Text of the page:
Here’s how the Seattle Seahawks grade out in their 26-23 victory the San Francisco 49ers on Sunday at State Farm Stadium in Glendale, Arizona:
For three quarters this was an abysmal showing by Seattle’s offense. Quarterback Russell Wilson was ineffective, having lost the range on the long ball, and the running game was missing in action. However, in the fourth quarter Wilson was back to his improvising best, and that was the main driver in the Seahawks overcoming a 10-point deficit. Receiver Tyler Lockett had another big day at State Farm Stadium (12 catches, 90 yards, two touchdowns) and the last of those receptions — which gave him 100 for the season — was essentially the game winner.
The defense did its job for most of the game, holding the 49ers to nine points through three quarters and coming up with the clinching strip sack late in the fourth. San Francisco’s final point tally was artificially boosted by a last-minute consolation touchdown that was of little consequence. But not all was perfect for a Seattle defense that has been strong down the stretch of the season. The 49ers were able to score on four consecutive possessions in route to building their 10-point lead, though the defense did get tough in the red zone to hold San Francisco to field goal on three of those, and the grade has to take into account the fact the 49ers were using their third-string quarterback.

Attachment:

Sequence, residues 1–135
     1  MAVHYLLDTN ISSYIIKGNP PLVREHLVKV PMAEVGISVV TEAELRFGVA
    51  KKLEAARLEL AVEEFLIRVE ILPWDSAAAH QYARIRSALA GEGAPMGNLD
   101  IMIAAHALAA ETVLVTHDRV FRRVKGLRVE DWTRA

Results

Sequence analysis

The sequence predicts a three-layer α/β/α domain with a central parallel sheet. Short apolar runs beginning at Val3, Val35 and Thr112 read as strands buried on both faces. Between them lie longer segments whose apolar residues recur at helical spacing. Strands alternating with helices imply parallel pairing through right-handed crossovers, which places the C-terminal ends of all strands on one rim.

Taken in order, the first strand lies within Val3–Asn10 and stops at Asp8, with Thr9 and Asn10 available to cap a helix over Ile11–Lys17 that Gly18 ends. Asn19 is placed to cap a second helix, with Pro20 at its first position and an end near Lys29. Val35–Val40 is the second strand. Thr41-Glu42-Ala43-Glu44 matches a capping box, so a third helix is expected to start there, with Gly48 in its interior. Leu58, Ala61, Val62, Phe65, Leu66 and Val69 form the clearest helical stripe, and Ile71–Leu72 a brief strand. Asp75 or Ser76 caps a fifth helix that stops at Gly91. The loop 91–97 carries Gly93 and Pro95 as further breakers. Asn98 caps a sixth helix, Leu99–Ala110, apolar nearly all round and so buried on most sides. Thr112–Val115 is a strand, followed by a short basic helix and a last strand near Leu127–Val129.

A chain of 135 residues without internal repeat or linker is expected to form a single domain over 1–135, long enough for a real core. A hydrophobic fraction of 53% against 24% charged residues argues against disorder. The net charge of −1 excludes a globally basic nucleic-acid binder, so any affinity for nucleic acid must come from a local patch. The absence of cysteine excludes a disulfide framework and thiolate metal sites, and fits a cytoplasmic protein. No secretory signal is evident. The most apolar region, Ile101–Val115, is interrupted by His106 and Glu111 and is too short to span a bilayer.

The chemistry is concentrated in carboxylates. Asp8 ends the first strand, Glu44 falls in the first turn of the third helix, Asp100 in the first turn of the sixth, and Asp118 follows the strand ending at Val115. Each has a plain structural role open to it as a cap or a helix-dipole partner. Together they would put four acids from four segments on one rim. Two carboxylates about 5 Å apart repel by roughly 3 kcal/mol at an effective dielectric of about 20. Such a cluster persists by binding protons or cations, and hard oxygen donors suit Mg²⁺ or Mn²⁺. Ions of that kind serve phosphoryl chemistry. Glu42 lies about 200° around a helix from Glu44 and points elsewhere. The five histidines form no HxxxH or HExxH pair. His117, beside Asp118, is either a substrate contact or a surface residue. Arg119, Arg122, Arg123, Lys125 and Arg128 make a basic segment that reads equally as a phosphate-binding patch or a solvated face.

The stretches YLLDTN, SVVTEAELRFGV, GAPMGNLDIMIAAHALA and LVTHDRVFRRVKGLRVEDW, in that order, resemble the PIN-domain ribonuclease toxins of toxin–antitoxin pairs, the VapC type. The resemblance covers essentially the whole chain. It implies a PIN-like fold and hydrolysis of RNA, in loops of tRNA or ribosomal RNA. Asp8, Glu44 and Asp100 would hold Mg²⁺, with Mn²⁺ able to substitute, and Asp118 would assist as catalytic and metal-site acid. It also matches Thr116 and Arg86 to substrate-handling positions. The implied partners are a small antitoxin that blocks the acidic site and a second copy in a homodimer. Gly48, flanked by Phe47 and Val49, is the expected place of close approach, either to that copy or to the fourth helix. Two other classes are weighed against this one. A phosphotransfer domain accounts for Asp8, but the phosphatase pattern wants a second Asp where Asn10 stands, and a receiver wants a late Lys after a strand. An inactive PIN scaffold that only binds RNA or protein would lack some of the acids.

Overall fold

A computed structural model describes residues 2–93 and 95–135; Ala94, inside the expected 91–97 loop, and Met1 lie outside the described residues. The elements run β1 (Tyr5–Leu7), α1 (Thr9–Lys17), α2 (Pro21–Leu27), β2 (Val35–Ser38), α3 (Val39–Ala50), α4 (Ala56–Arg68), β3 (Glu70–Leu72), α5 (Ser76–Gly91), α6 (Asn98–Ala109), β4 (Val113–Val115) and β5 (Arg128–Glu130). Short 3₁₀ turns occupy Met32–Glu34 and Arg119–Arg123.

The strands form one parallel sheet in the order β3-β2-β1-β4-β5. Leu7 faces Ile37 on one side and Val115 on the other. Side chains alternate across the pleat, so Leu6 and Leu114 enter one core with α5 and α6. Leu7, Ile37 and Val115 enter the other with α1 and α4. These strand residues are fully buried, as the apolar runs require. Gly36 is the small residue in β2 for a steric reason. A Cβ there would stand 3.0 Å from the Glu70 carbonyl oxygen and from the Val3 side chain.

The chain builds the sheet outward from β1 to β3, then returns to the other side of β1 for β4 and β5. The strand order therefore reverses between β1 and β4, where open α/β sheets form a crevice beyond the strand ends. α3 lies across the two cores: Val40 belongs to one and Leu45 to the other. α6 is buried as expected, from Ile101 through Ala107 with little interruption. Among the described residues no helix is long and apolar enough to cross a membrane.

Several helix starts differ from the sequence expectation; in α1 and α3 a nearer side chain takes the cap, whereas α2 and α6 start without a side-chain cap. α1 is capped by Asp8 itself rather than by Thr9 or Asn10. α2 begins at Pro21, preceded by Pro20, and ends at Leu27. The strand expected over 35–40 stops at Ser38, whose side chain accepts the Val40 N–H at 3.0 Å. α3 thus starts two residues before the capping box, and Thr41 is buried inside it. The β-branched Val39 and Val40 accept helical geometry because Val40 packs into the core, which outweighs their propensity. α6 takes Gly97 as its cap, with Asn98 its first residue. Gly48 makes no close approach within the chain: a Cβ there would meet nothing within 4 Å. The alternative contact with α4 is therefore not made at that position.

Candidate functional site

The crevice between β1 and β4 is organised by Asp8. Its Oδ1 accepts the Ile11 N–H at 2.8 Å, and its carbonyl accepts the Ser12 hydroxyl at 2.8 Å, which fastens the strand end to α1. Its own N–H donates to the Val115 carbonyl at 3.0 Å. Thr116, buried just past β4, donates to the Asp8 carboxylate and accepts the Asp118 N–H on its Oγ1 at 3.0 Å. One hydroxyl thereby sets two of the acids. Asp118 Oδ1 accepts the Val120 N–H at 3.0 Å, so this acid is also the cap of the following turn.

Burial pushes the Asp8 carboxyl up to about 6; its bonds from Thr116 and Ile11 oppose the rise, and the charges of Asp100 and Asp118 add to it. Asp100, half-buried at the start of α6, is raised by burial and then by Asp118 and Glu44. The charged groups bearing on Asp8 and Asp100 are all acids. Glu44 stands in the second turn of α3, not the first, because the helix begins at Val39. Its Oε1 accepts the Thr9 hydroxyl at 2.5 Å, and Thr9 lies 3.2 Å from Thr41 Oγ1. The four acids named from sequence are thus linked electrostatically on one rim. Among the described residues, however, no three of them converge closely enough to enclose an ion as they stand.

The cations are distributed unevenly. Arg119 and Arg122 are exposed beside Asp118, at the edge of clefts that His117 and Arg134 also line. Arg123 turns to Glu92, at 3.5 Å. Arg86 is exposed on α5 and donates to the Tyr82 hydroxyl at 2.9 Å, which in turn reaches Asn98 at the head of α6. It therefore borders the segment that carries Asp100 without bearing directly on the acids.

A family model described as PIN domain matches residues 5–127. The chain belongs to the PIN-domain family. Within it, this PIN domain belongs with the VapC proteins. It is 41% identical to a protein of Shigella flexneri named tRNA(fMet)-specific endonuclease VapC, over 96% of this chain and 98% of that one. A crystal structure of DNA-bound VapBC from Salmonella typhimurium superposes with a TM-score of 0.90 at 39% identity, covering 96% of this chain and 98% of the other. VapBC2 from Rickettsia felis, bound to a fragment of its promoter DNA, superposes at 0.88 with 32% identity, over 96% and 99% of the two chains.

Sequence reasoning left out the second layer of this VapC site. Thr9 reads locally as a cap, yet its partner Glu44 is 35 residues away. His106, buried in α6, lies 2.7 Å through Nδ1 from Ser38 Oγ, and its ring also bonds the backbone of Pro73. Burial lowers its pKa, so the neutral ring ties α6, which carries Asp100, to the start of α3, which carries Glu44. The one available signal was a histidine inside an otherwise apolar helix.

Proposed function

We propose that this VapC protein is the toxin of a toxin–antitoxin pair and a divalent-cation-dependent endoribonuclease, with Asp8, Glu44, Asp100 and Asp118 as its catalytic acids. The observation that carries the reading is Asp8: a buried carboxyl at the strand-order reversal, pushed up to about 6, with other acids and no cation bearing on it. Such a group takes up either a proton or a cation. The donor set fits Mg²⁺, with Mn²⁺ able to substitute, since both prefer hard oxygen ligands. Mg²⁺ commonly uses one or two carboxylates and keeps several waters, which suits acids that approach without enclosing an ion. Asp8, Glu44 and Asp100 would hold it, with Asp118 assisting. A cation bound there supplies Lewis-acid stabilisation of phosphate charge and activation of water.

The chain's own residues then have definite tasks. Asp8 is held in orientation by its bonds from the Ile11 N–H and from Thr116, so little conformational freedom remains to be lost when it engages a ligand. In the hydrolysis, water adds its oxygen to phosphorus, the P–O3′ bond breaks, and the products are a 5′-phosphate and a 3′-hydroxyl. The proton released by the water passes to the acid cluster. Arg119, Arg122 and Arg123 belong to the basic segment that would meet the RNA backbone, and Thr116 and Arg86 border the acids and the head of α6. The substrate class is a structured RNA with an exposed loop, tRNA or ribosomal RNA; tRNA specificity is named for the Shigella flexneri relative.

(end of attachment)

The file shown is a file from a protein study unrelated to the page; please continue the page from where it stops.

Kicker Jason Myers capped off a remarkable regular season by making both his field goals to finish a perfect 24-for-24. However, he also missed an extra point, his fourth miss of the campaign, which is a head scratcher. Punter Michael Dickson was mostly his All-Pro self, but he also had one short punt that was also returned 21 yards — he had to make the tackle himself — giving San Francisco possession in the Seattle half. Coverage was otherwise excellent, while the return game was stunted by one block-in-the-back penalty. There was no drama on the 49ers’ desperation onside-kick attempt.
The offensive game plan through three quarters seemed uninspired and lacking in creativity. Indeed, early on it seemed like it was designed more to ensure Lockett (receptions) and DK Metcalf (receiving yardage) were able to break franchise records than anything else. One supposes one has to give credit for adjustments that turned things around in the fourth quarter, but how much of the turnaround was a result of Wilson’s improvisations? Defensively the blitz was mixed in well. Why in the world did the Seahawks risk a pitch play at the end instead of taking a knee?
It wasn’t the greatest performance to close out the season, and in the end the result was academic as Seattle finished with the same No. 3 playoff seed it entered the game with. But Seattle still enters the postseason on a four-game winning streak, having won 12 games for just the fifth time in franchise history. The Seahawks face a familiar foe in the first round of the playoffs as they host the Los Angeles Rams in what will be a rubber match between the two teams. However, injuries suffered by defensive stalwarts Jamal Adams and Jarran Reed could be concerning.
– Nick Patterson, Herald writer